If you’re feeling swamped by multiple debts, it is possible to consolidate them into your mortgage remortgage. Please think carefully before you decide to do this, as you will be spreading the debts over a more extended period, meaning you could end up paying back more overall. Crunch the numbers and consult a good mortgage advisor; sometimes, tackling debts individually is the smarter play.

Home improvements: 

This can be a smart move if you plan on borrowing additional funds for some home improvements. It’s possible to add value to your property by adding more space from an extension or loft conversion, which means when you next come around to remortgage, your property may be worth more as it now has more space from the improvements you made.

Purchase a second residential property: 

If you plan on buying another property, it might be possible to release funds from your existing property to use towards the purchase of the new property. It’s essential to check if you can afford the costs of running two properties; most mortgage lenders will consider that you are paying two lots of bills for affordability. It’s also worth exploring the associated costs of purchasing a second property and the tax implications if you plan on selling in the future.

Purchasing Buy to let: 

It is possible to release funds from your residential to purchase a buy to let. It’s essential to fully understand the requirements of being a landlord. It is also important to fully understand the tax implications of purchasing an additional property. It might be worth speaking to an accountant who can help advise you on the best way to structure your new purchase.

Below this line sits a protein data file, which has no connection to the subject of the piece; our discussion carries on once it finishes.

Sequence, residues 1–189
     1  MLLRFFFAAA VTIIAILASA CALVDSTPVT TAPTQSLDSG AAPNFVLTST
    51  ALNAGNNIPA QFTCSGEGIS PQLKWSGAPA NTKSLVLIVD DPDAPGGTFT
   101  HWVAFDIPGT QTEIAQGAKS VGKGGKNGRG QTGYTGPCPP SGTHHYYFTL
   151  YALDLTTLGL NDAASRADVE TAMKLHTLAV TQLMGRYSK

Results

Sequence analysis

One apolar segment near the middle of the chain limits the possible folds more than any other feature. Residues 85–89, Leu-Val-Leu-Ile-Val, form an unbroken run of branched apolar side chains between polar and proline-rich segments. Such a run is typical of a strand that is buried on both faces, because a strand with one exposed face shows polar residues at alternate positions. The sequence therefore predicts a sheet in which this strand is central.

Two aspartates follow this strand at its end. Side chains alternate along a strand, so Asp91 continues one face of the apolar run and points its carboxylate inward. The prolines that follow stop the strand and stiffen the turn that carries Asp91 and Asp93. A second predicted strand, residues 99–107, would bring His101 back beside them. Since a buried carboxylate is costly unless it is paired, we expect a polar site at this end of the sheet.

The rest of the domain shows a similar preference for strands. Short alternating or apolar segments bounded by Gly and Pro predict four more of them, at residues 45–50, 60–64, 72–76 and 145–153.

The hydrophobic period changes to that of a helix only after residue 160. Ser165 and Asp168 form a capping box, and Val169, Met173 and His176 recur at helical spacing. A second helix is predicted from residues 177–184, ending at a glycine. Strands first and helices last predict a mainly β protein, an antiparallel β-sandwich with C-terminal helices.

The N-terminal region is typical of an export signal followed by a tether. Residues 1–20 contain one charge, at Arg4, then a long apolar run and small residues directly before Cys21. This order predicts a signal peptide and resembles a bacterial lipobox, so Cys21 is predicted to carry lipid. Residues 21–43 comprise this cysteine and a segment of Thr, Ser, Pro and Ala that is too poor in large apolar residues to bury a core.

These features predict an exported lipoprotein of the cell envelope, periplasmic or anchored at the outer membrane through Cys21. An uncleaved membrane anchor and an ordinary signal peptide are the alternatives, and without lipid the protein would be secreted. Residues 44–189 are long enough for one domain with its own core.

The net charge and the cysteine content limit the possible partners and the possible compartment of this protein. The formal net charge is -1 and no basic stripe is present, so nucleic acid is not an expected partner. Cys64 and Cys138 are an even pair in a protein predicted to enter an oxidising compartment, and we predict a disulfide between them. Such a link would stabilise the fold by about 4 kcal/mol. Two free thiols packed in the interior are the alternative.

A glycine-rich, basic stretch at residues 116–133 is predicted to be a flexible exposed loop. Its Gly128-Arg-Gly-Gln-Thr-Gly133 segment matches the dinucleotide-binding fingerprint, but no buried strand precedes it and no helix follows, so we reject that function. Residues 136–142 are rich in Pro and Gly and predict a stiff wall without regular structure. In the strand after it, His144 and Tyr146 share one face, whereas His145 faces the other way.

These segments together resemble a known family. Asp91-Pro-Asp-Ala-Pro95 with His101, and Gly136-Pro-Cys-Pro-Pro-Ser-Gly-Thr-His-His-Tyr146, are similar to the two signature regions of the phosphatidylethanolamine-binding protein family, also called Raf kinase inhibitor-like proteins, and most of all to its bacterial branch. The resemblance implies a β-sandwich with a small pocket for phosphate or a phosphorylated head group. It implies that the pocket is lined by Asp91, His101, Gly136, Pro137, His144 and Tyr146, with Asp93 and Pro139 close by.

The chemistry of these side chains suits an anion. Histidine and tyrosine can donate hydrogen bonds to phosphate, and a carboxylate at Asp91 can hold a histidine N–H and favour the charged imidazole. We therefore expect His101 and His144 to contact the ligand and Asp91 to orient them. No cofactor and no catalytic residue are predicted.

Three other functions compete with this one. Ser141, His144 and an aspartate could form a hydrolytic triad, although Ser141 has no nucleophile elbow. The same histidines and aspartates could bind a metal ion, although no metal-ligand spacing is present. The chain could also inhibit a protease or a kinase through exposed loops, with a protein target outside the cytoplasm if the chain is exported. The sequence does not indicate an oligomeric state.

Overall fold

Buy a car: 

Raising funds from a remortgage to purchase a vehicle is possible. It needs to be considered if this is the best option, as you are taking the additional funds over a much longer time frame when comparing it to a personal loan or hire purchase agreement. It’s best to look at all options and compare the differences between them.  

Business purposes:

Remortgaging to raise capital for business purposes is possible, but only some lenders will allow this. It is essential to research what lender will allow this or contact a mortgage professional who can help advise you about what lender to approach


Self employed Remortgage Tips :

  • Fees & Charges: Don’t let early repayment charges or arrangement fees on your new mortgage turn your savings sour. Factor them into your calculations to ensure remortgaging is genuinely beneficial.
  • Shop Around: Don’t settle for the first offer! Compare deals from different lenders to find the one that works for you with the best rates and terms. 
  • Mortgage Advisor Magic: Feeling lost in the remortgage maze? A mortgage adviser will do the work for you, so it might be best to contact one to save yourself time. They will guide you through the process and help you make informed decisions.

Remember: Remortgaging is a powerful tool, but use it wisely. Please do your research, seek expert advice, and ensure it fits your financial goals like a bespoke suit. With the right moves, you can unlock incredible savings, free up cash flow, and give your financial future a rockin’ remix.

Understand Your Credit File

When greeting ready to apply for a mortgage it’s essential you understand your credit history.


We recommend Check My File who offer a 30 day free trial (usually £14.99 per month, you can cancel at anytime) 


The Check My File Report provides you with a summary from three different credit reference agencies (Experian, Equifax & TransUnion).

Mortgage lenders use different credit reference agencies and you are able to see what the lender see prior to making any applications.


Self employed Remortgage